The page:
Book review: 'The Skies Belong to Us', by Brendan Koerner
The Skies Belong to Us: Love and Terror in the Golden Age of Hijacking by Brendan Koerner Crown
The freewheeling, hijacking-crazy days of the 1960s and early '70s come to life vividly in Brendan Koerner's evocative new page-turner. With abundant research and a sharp eye for the absurd, Koerner transports us to a time long before anyone thought of crashing planes into buildings,
Hijacking was an American spectator sport. People commandeered planes for just about any reason - and the media often made them folk heroes. The rogues' gallery of hijackers included "frazzled veterans, chronic fabulists, compulsive gamblers, bankrupt businessmen, thwarted academics, career felons and even lovesick teens", Koerner writes. The Skies Belong to Us is a lively and often funny account peppered with dumb criminals and feckless officials. In that bygone and more innocent age, the airlines would accede to almost any crazy demand to keep passengers from getting hurt and airplanes from being damaged, though they stubbornly refused to spend the funds and endure the hassle of installing metal detectors at airports.
All that began to change, Koerner argues, thanks in part to one especially colourful pair of young lovers who carried out one of the boldest takeovers of an airplane in US history.
At first blush, Roger Holder and Cathy Kerkow were a most unlikely pair of hijackers. Holder was an African-American Vietnam veteran whose war experience left him troubled, adrift and in debt; Kerkow was a white masseuse and small-time drug dealer.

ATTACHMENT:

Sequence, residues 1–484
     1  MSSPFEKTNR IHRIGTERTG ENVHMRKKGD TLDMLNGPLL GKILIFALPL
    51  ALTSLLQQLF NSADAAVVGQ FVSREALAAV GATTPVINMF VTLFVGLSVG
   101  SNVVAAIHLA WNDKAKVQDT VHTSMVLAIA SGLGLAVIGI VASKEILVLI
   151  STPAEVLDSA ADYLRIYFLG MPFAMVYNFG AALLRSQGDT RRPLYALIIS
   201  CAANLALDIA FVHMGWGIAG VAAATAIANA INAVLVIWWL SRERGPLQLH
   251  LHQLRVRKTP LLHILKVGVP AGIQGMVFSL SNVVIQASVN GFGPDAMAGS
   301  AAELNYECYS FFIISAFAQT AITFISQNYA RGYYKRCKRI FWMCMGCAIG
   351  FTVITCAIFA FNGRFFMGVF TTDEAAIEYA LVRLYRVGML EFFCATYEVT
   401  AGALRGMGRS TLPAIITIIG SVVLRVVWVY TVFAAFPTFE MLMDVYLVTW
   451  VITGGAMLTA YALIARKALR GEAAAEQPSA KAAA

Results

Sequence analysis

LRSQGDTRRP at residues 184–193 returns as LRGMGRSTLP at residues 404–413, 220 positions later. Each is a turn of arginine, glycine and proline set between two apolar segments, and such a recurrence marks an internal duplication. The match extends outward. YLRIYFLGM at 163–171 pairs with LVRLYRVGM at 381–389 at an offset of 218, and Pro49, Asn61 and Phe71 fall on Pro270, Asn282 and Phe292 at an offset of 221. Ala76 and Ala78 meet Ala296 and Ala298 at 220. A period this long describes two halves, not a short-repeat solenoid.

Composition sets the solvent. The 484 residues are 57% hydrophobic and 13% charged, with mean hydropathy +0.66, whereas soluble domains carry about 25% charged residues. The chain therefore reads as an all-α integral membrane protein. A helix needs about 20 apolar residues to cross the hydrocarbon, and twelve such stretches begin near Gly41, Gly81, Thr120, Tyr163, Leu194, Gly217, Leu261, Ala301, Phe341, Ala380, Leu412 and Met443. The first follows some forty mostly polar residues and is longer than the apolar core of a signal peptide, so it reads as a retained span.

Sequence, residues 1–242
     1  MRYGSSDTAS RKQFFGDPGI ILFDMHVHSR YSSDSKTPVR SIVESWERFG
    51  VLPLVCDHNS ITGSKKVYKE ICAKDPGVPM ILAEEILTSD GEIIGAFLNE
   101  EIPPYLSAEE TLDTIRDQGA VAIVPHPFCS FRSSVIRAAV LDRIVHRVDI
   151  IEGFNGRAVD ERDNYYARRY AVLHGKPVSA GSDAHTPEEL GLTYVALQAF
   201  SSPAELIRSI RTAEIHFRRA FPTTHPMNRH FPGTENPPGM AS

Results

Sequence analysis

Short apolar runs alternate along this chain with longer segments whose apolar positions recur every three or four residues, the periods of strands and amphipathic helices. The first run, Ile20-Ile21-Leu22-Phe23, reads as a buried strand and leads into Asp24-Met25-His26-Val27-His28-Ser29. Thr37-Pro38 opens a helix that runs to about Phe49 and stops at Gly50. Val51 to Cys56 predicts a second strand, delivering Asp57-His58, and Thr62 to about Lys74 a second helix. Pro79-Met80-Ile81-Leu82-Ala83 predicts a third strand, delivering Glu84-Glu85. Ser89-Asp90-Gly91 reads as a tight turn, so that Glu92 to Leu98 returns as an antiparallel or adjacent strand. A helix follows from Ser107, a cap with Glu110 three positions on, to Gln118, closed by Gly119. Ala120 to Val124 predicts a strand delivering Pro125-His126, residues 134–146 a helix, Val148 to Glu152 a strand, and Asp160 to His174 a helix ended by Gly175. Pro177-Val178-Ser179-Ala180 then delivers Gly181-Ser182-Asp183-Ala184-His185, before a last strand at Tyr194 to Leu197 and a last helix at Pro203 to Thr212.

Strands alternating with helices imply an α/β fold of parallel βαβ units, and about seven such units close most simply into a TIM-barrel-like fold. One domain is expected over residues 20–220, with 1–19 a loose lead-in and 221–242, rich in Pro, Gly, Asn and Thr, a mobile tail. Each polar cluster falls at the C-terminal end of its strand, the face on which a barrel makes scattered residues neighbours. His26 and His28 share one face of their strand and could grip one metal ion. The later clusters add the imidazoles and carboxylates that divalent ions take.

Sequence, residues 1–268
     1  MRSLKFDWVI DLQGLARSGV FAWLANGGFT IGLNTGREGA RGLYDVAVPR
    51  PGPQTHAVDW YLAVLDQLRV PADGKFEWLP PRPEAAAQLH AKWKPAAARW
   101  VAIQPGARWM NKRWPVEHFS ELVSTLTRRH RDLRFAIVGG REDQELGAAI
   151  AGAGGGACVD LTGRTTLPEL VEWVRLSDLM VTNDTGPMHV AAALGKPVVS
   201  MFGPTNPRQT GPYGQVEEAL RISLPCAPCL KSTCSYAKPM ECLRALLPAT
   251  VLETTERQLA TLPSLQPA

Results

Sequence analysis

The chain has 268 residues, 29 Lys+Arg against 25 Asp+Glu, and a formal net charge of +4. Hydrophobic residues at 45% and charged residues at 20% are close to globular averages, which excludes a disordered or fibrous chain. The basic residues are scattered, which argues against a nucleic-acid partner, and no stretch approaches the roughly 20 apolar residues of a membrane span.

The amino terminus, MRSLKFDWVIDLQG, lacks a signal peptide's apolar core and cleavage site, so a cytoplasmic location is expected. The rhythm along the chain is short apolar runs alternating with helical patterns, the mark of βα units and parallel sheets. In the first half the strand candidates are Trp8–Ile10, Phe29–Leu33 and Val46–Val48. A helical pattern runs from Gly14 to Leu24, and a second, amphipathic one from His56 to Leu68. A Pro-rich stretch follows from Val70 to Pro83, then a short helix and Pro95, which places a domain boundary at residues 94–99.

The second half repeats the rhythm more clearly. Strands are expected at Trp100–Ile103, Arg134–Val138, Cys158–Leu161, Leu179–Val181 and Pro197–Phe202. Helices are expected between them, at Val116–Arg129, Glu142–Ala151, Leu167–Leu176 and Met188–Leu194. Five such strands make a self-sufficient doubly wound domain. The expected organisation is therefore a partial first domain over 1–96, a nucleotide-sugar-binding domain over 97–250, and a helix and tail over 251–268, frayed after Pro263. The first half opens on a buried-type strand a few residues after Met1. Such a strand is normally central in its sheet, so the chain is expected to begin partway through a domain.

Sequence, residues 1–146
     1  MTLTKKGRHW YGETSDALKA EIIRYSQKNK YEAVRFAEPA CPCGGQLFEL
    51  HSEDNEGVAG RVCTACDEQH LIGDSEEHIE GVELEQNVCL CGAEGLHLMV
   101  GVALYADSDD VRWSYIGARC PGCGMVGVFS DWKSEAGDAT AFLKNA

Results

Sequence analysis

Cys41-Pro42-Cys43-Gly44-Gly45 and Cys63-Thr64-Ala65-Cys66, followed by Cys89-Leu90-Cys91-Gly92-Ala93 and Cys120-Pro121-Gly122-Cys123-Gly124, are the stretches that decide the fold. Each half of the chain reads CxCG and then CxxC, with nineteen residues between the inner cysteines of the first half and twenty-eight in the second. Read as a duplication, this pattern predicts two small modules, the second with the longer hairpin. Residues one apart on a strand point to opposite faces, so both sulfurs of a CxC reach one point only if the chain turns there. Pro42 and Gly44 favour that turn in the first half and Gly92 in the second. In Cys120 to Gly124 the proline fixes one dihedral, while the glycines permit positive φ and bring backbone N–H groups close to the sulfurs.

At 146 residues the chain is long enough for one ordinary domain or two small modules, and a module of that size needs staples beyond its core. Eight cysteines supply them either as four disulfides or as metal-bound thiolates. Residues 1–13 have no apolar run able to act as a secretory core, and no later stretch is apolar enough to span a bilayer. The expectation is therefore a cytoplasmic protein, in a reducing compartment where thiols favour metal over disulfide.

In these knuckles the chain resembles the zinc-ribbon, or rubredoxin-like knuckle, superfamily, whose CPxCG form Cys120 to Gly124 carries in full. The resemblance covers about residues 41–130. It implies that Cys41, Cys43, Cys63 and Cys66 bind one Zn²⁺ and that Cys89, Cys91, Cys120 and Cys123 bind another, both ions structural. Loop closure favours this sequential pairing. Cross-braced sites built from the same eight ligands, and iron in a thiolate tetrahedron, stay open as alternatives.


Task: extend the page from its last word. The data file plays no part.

In Koerner's sensitive and entirely convincing portrayal - drawn from legal documents, news accounts and interviews - Holder and Kerkow are romantic outcasts. They're in their early 20s, and they've admired such groups as the Black Panthers and the Weathermen without ever engaging in a political act themselves.
When Holder gets busted for writing fake cheques and Kerkow quits her job, they find themselves broke and rootless. After seeing repeated news accounts of hijackings, Holder consults astrology charts and chooses a date for what he boldly calls "Operation Sisyphus". He and his girlfriend plan to hijack a plane with a fake bomb and demand US$500,000 and the freedom of Angela Davis, the former University of California, Los Angeles professor then on trial in northern California. Then they'll spirit Davis away to North Vietnam, resettle in the Australian Outback and live "happily ever after", Koerner writes.
Their plan is hare-brained and half-baked. But they imagine it will work because so many other people have got away with even crazier stunts.
About 180 planes were hijacked in the US in the decade before Holder and Kerkow took over Western Airlines Flight 701 from San Francisco to Seattle in 1972. In the months preceding their caper, one plane was hijacked by a 14-year-old boy, another by a 74-year-old first world war veteran, and one by an alcoholic used-car dealer wearing shorts and sandals "so that he could hit the beach immediately" after landing in Cuba.
Holder and Kerkow are only slightly better prepared. Once in the air, Holder makes a spontaneous decision that will eventually make their hijacking a record breaker: they will travel farther than any other air pirates in US history.
What happens to the couple after their plane reaches its destination is exciting and dramatic - but their post-hijacking lives quickly become boring and purposeless.
The media eventually forgot the hijacking lovers. But the impact of their impetuous actions was quick and enduring. Within six months, Americans were standing en masse before airport metal detectors for the first time. The press expected passengers to rise in revolt. They did not. Nor would they in the decades that followed, as security procedures and devices became increasingly elaborate.